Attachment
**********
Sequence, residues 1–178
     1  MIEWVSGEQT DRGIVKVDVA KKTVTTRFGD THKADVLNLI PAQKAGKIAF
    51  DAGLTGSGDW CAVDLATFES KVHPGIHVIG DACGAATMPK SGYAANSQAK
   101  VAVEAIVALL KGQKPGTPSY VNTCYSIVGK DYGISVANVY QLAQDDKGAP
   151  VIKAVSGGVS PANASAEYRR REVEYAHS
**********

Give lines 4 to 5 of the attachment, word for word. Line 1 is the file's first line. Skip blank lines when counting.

   101  VAVEAIVALL KGQKPGTPSY VNTCYSIVGK DYGISVANVY QLAQDDKGAP
   151  VIKAVSGGVS PANASAEYRR REVEYAHS